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Film Review: 'Maze Runner'

Mia Galuppo |
September 21, 2014 | 9:32 a.m. PDT

Staff Reporter

When watching an adaptation of a bestselling book into a feature film, at the end of the movie the lights will come up in the theatre and you almost certainly here a collective disgruntled mumble that “the book was soooooooo much better than the movie.” 

Well I heard no such dissatisfied drones at the end of "Maze Runner," likely because I was one of seven people in the theatre, but also because this movie was undoubtedly better than the book. The changes from the book are subtle, adding nuance and complexity and covering up all those pesky plot holes. Simply put: The movie was the book that I wished the book could have been. 

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Maze Runner begins with Thomas ("Teen Wolf’s" Dylan O’Brien) waking up in an elevator, unsure of where/who he is and how the hell he got in an elevator. Thomas is upwardly delivered to “The Glade,” a community of young men who took a similar trip in an elevator and have since banded together to form a community, while looking for a way out. Tall concrete walls surround the Glade, and "the gladers" believe their way out is through the giant maze that lies beyond the walls; “runners” are sent into the maze to scout for an exit. 

The action scenes that take place within the maze are incredible, benefiting largely from a stark environment, with a clean design. Maze Runner provides action sequences that are complex but easy to follow, which is often not the case with CGI-heavy movies. This summer’s "Transformers 4’s" fight scenes between giant robots and giant robot dinosaurs are impossible to watch, being that they are just a giant mosh of nameless metal grinding against each other until something explodes.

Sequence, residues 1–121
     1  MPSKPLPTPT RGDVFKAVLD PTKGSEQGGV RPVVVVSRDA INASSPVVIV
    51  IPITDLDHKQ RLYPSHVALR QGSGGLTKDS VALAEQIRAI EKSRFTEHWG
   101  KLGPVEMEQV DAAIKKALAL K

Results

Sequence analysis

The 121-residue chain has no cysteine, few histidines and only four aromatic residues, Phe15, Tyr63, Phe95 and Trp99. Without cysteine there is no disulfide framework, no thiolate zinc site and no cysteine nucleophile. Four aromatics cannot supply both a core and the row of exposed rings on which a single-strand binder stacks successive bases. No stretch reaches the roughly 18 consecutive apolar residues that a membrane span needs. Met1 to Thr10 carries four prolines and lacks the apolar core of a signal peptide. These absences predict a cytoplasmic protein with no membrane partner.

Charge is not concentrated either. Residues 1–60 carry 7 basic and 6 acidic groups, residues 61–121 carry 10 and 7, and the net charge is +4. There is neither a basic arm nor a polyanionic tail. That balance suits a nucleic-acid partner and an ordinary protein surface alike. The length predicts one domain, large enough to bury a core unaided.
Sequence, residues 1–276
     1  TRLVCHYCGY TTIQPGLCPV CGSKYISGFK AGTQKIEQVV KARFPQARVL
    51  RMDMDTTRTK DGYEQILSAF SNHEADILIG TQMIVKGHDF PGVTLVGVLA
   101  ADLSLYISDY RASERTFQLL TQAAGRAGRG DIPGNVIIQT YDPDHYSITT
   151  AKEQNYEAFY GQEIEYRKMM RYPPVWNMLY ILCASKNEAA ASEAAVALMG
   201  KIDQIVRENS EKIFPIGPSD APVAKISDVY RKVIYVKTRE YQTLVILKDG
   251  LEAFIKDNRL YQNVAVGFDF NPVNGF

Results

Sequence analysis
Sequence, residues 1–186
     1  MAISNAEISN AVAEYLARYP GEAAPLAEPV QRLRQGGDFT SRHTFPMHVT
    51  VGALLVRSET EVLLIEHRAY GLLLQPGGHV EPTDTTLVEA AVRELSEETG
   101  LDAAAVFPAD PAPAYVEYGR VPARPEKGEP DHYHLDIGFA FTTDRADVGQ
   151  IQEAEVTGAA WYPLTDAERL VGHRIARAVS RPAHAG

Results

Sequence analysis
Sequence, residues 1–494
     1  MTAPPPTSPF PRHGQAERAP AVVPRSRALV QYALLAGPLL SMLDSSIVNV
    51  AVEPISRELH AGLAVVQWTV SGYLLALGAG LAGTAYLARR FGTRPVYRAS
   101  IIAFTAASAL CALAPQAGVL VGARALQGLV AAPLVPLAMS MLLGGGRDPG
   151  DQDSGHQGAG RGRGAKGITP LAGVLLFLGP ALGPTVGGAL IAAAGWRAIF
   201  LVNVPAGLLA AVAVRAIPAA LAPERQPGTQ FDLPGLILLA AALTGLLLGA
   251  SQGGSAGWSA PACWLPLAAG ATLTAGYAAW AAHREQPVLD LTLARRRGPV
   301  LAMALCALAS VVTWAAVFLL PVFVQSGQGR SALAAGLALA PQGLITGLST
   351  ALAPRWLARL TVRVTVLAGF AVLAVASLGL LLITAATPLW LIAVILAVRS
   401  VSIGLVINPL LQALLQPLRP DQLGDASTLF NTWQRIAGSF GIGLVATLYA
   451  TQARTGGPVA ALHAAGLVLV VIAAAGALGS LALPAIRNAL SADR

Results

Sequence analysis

Also of note is the design of “the grievers,” strange mechanical/organic slug-scorpions that inhabit the maze. I realize that the concept sounds ridiculous but the execution proves pretty terrifying.  

Within an incredibly realized, tactile environment, the maze proves to be the most interesting and complex character. O’brien and the rest of the young men are essentially interchangable, barely skimping by on whatever small amount of character will move the plot forward. The one stand-out performance came from Will Poulter, whose seemingly stereotypical villain, Gally, proved multifaceted. Likely afflicted with some form of Stockholm syndrome and PTSD, Gally became a sympathetic antagonist to O’brien’s stock-in-trade hero, proving to be one of the better villains I have seen in a blockbuster-type movie as of late. 

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In all fairness, there was not a lot of time to develop character; this movie ran a cool hour and forty with some change. A brilliant move on the filmmakers’ part, "Maze Runner" never overstays its welcome and gets out right when it needs to. Unfortunately, where the movie decides to get out is wholly unsatisfying. 

This movie was so close to bucking a sequel-bait ending but, like me deciding to chemically crimp my hair in the 5th grade, it succumbed the dominant trend of its time. Like so many movies this summer, this year—"Transformers 4": Revenge of the CGI, "X-Men": Days of Future Past, "Captain America": Chris Evans is Pretty Confused," even "Guardians of the Galaxy" with the beloved Chris Pratt, all had endings that served almost solely to set-up another movie.

"Maze Runner," despite being an overall engaging movie, will, sadly, leave you with a bad taste of sequel in your mouth.

Reach Staff Reporter Mia Galuppo here. Follow her on Twitter here.



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